To clarify the cooperative roles of recurrently identified mutations and to establish a more precise risk classification system in acute myeloid leukemia (AML), we comprehensively analyzed mutations in 51 genes, as well as cytogenetics and 11 chimeric transcripts, in 197 adult patients with de novo AML who were registered in the Japan Adult Leukemia Study Group AML201 study. We identified a total of 505 mutations in 44 genes, while only five genes, FLT3, NPM1, CEBPA, DNMT3A and KIT, were mutated in more than 10% of the patients. Although several cooperative and exclusive mutation patterns were observed, the accumulated mutation number was higher in cytogenetically normal AML and lower in AML with RUNX1-RUNX1T1 and CBFB-MYH11, indicating a strong potential of these translocations for the initiation of AML. Furthermore, we evaluated the prognostic impacts of each sole mutation and the combinations of mutations and/or cytogenetics, and demonstrated that AML patients could be clearly stratified into five risk groups for overall survival by including the mutation status of DNMT3A, MLL-PTD and TP53 genes in the risk classification system of the European LeukemiaNet. These results indicate that the prognosis of AML could be stratified by the major mutation status in combination with cytogenetics.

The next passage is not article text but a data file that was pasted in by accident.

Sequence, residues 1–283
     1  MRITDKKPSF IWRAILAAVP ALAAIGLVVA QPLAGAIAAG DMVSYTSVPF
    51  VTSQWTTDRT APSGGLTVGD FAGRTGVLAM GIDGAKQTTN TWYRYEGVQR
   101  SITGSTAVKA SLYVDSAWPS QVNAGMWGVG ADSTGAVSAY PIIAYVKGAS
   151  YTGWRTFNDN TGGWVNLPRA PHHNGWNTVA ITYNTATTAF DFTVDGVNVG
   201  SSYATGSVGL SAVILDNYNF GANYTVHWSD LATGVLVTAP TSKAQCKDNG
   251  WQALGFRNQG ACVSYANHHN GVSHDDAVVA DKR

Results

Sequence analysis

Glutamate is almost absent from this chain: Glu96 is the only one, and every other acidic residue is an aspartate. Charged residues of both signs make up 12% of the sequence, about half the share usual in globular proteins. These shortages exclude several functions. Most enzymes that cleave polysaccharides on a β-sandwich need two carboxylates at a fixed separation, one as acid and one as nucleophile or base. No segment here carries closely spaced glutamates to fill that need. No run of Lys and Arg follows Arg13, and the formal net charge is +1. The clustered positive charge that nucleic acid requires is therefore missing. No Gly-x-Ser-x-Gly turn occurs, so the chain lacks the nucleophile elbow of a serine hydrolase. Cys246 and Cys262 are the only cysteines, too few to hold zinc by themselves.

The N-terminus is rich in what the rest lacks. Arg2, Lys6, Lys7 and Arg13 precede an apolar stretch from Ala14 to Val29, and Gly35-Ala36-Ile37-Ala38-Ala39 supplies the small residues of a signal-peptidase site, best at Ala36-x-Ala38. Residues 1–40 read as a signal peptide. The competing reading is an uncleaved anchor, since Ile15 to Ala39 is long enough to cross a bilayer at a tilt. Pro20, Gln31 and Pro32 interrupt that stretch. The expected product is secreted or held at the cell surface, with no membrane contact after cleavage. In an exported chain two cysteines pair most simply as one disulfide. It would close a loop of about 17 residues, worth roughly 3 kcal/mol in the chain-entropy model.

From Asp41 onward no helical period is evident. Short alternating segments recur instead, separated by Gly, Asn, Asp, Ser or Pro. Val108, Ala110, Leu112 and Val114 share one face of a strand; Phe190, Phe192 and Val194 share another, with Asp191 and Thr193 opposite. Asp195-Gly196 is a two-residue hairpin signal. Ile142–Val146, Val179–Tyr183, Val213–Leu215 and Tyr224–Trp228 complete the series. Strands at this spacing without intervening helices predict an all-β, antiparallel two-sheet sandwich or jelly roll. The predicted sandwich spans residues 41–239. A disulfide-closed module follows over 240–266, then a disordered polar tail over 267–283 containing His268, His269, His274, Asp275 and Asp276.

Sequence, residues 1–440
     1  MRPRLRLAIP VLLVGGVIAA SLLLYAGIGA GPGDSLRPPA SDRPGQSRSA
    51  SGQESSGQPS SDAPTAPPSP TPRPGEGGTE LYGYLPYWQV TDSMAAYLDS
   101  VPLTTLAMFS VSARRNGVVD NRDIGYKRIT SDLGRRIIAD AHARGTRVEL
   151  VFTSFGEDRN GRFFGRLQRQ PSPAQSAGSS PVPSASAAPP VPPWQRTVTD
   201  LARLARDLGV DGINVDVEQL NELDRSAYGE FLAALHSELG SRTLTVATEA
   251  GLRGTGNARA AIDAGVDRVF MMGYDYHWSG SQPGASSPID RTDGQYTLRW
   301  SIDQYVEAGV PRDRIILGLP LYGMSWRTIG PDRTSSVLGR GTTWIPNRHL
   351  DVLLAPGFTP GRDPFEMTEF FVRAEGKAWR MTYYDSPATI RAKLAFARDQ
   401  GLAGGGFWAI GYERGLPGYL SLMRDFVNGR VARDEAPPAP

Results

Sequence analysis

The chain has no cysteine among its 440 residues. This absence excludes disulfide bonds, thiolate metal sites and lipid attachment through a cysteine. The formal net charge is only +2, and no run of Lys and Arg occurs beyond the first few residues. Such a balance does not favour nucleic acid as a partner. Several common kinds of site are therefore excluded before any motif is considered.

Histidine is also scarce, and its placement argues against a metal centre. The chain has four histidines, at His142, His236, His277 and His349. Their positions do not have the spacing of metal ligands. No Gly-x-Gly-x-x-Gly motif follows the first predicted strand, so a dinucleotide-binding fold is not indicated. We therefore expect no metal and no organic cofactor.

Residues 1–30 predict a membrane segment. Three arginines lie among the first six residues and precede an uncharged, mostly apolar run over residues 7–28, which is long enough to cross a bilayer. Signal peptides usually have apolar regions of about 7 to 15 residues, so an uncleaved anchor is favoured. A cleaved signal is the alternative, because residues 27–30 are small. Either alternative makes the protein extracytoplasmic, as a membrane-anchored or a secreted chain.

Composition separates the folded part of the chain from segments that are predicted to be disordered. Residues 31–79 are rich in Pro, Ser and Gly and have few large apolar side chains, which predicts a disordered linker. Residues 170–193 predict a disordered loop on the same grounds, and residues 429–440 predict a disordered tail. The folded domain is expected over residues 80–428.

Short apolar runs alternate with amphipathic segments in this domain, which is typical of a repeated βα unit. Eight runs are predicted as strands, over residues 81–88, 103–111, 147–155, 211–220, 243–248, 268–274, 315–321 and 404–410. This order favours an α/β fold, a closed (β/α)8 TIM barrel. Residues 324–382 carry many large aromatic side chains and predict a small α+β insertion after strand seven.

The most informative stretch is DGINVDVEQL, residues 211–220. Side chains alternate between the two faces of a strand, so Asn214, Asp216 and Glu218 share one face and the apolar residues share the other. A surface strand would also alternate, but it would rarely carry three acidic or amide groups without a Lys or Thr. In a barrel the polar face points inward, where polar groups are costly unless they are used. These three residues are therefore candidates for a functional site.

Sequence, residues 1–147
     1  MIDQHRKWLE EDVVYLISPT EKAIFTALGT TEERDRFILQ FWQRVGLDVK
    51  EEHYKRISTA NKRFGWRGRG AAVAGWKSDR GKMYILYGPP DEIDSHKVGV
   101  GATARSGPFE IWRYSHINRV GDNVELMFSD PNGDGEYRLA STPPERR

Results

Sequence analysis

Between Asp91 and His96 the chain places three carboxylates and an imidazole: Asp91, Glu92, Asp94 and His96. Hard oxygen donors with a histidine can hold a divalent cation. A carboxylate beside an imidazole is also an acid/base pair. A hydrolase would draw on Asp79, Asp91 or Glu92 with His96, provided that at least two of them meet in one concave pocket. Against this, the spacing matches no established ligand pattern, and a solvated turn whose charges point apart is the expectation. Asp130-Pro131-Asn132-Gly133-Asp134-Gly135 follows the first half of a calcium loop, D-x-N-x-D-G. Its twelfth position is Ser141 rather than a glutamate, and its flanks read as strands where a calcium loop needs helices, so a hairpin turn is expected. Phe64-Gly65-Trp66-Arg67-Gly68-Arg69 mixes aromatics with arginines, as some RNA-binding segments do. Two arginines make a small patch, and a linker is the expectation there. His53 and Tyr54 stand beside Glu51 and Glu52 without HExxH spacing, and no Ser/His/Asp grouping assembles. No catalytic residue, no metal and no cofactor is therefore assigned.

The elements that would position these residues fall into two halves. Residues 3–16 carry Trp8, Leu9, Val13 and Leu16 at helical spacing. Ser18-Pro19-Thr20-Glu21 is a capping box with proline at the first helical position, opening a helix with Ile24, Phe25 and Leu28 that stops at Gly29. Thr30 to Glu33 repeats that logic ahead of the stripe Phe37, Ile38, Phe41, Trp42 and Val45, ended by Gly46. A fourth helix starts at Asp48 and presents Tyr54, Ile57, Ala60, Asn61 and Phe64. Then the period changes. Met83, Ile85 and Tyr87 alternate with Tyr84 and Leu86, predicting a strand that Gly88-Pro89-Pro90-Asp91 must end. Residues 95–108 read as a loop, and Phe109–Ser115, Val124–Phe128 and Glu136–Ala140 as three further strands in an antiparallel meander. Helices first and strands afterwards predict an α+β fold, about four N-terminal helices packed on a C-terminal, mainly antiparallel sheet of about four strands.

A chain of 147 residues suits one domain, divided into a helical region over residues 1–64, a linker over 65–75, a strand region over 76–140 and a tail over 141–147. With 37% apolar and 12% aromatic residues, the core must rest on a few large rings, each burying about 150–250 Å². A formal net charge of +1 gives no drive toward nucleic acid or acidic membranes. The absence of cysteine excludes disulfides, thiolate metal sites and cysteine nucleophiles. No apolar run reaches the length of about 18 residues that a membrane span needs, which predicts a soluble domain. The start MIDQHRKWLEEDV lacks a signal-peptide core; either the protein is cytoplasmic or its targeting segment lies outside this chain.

Acute myeloid leukemia (AML) is a clinically and genetically heterogeneous disease.1, 2 Although about 80% of younger adults with AML achieve complete remission (CR) with induction chemotherapy, more than half of the CR patients relapse, even if they receive intensive consolidation therapies. Allogeneic hematopoietic stem cell transplantation (allo-SCT) is applied to the patients who have risk factors for relapse, and it has been demonstrated by meta-analysis that allo-SCT at the first CR improves the long-term prognosis of the cytogenetically intermediate- and adverse-risk groups.3 Cytogenetic-risk classification for AML is well established and commonly used as criteria for the application of allo-SCT at the first CR, whereas there is clinical heterogeneity in the intermediate-risk group, particularly cytogenetically normal (CN)-AML.4 Recent advances and the accumulation of information on the prognostic relevance of recurrent genetic alterations have made more detailed risk stratification possible in AML patients.5, 6, 7, 8, 9, 10, 11, 12, 13, 14, 15, 16, 17, 18, 19 The European LeukemiaNet (ELN) has recommended a novel risk classification system on the basis of the cytogenetic and genetic status.2 In this system, CN-AML is stratified into two risk groups according to the mutation status of FLT3, NPM1 and CEBPA: patients with NPM1 mutation but not FLT3-ITD and those with CEBPA mutation are included in the favorable-risk (FR) group, and patients with FLT3-ITD and those with neither NPM1 mutation nor FLT3-ITD are categorized into the intermediate-I-risk (IR-I) group. Long-term prognosis according to the ELN classification system was retrospectively evaluated in well-established cohorts, and it has been demonstrated that the ELN system is useful for further risk stratification of younger adult patients with CN-AML.20, 21 However, it has been reported that another genetic status, such as mutations in epigenetic modifier-encoding genes, could more precisely distinguish the prognosis in each ELN-risk group.5, 22 In addition, the prognostic impacts of recently identified mutations in spliceosome and cohesin complex genes on AML remain unclear.